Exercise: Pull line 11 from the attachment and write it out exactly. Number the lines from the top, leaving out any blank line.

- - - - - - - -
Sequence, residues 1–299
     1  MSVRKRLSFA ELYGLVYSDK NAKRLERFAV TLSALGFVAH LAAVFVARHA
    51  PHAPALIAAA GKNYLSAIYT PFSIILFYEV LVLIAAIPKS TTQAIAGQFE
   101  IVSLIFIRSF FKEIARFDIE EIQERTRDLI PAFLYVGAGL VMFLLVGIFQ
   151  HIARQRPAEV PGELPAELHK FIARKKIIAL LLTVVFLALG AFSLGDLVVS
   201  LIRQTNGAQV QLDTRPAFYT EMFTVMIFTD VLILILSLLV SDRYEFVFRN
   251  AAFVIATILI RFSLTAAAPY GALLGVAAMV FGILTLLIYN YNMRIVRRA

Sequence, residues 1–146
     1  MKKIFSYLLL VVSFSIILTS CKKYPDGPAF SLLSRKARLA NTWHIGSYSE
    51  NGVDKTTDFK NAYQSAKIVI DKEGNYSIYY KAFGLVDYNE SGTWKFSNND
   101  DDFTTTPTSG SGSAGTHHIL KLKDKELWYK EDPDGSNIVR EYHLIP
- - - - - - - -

   101  DDFTTTPTSG SGSAGTHHIL KLKDKELWYK EDPDGSNIVR EYHLIP